Delírio/induzido quimicamente , Respiração Artificial/estatística & dados numéricos , Insuficiência Respiratória/complicações , Sepse/complicações , Adulto , Estado Terminal , Delírio/diagnóstico , Delírio/prevenção & controle , Método Duplo-Cego , Mortalidade Hospitalar , Humanos , Hipnóticos e Sedativos/administração & dosagem , Hipnóticos e Sedativos/efeitos adversos , Unidades de Terapia Intensiva , Avaliação de Resultados em Cuidados de Saúde , Reprodutibilidade dos Testes , Respiração Artificial/efeitos adversos , Insuficiência Respiratória/terapia , Sepse/mortalidade
20.
Cochrane Database Syst Rev ; 2: CD010569, 2020 02 07.
Artigo em Inglês | MEDLINE | ID: mdl-32031676

RESUMO

BACKGROUND: Hip fracture is a major injury that causes significant problems for affected individuals and their family and carers. Over 40% of people with hip fracture have dementia or cognitive impairment. The outcomes of these individuals after surgery are poorer than for those without dementia. It is unclear which care and rehabilitation interventions achieve the best outcomes for these people. This is an update of a Cochrane Review first published in 2013. OBJECTIVES: (a) To assess the effectiveness of models of care including enhanced rehabilitation strategies designed specifically for people with dementia following hip fracture surgery compared to usual care. (b) To assess for people with dementia the effectiveness of models of care including enhanced rehabilitation strategies that are designed for all older people, regardless of cognitive status, following hip fracture surgery, compared to usual care. SEARCH METHODS: We searched ALOIS (www.medicine.ox.ac.uk/alois), the Cochrane Dementia and Cognitive Improvement Group Specialised Register, MEDLINE (OvidSP), Embase (OvidSP), PsycINFO (OvidSP), CINAHL (EBSCOhost), Web of Science Core Collection (ISI Web of Science), LILACS (BIREME), ClinicalTrials.gov, and the World Health Organization International Clinical Trials Registry Platform on 16 October 2019. SELECTION CRITERIA: We included randomised and quasi-randomised controlled trials evaluating the effectiveness of any model of enhanced care and rehabilitation for people with dementia after hip fracture surgery compared to usual care. DATA COLLECTION AND ANALYSIS: Two review authors independently selected trials for inclusion and extracted data. We assessed risk of bias of the included trials. We synthesised data only if we considered the trials to be sufficiently homogeneous in terms of participants, interventions, and outcomes. We used the GRADE approach to rate the overall certainty of evidence for each outcome. MAIN RESULTS: We included seven trials with a total of 555 participants. Three trials compared models of enhanced care in the inpatient setting with conventional care. Two trials compared an enhanced care model provided in inpatient settings and at home after discharge with conventional care. Two trials compared geriatrician-led care in-hospital to conventional care led by the orthopaedic team. None of the interventions were designed specifically for people with dementia, therefore the data included in the review were from subgroups of people with dementia or cognitive impairment participating in randomised controlled trials investigating models of care for all older people following hip fracture. The end of follow-up in the trials ranged from the point of acute hospital discharge to 24 months after discharge. We considered all trials to be at high risk of bias in more than one domain. As subgroups of larger trials, the analyses lacked power to detect differences between the intervention groups. Furthermore, there were some important differences in baseline characteristics of participants between the experimental and control groups. Using the GRADE approach, we downgraded the certainty of the evidence for all outcomes to low or very low. The effect estimates for almost all comparisons were very imprecise, and the overall certainty for most results was very low. There were no data from any study for our primary outcome of health-related quality of life. There was only very low certainty for our other primary outcome, activities of daily living and functional performance, therefore we were unable to draw any conclusions with confidence. There was low-certainty that enhanced care and rehabilitation in-hospital may reduce rates of postoperative delirium (odds ratio 0.04, 95% confidence interval (CI) 0.01 to 0.22, 2 trials, n = 141) and very low-certainty associating it with lower rates of some other complications. There was also low-certainty that, compared to orthopaedic-led management, geriatrician-led management may lead to shorter hospital stays (mean difference 4.00 days, 95% CI 3.61 to 4.39, 1 trial, n = 162). AUTHORS' CONCLUSIONS: We found limited evidence that some of the models of enhanced rehabilitation and care used in the included trials may show benefits over usual care for preventing delirium and reducing length of stay for people with dementia who have been treated for hip fracture. However, the certainty of these results is low. Data were available from only a small number of trials, and the certainty for all other results is very low. Determining the optimal strategies to improve outcomes for this growing population of patients should be a research priority.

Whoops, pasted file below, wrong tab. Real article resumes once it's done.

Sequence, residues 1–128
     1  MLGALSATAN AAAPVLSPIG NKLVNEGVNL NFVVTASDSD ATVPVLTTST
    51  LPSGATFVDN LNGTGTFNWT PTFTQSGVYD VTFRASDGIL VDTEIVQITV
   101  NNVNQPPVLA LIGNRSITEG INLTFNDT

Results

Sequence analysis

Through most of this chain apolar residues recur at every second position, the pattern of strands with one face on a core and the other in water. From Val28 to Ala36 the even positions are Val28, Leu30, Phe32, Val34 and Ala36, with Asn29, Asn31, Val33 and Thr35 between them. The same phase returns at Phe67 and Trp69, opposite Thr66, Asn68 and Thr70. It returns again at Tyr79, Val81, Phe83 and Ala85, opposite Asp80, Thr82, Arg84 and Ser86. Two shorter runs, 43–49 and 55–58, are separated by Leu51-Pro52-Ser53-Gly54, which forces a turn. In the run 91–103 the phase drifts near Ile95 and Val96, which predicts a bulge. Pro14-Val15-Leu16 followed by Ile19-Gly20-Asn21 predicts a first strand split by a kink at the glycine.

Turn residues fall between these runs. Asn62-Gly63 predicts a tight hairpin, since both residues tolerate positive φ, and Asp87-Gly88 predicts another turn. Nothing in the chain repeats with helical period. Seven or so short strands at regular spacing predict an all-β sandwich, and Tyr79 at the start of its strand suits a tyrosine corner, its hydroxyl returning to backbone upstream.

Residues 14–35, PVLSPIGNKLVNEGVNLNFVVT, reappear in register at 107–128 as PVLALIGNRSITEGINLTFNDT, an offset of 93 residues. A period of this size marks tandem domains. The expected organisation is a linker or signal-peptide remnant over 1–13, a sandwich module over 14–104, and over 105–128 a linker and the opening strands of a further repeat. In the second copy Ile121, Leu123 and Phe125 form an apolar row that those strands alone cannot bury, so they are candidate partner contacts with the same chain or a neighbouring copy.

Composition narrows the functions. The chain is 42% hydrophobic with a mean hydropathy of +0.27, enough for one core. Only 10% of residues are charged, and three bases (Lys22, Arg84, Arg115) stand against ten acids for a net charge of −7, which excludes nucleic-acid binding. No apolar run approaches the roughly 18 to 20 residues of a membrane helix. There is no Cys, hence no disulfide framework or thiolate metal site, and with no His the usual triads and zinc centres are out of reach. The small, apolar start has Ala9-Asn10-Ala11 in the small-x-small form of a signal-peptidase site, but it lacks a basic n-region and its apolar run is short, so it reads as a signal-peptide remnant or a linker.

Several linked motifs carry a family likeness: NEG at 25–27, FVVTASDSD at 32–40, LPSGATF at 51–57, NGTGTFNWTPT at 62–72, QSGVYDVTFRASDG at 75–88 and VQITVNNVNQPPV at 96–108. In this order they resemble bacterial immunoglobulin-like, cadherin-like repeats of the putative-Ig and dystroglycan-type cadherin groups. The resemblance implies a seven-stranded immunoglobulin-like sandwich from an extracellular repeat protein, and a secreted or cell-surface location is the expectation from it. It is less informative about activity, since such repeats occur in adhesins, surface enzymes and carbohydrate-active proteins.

Assuntos
Demência/complicações , Fraturas do Quadril/reabilitação , Equipe de Assistência ao Paciente , Atividades Cotidianas , Idoso , Idoso de 80 Anos ou mais , Delírio/prevenção & controle , Fraturas do Quadril/cirurgia , Humanos , Qualidade de Vida , Ensaios Clínicos Controlados Aleatórios como Assunto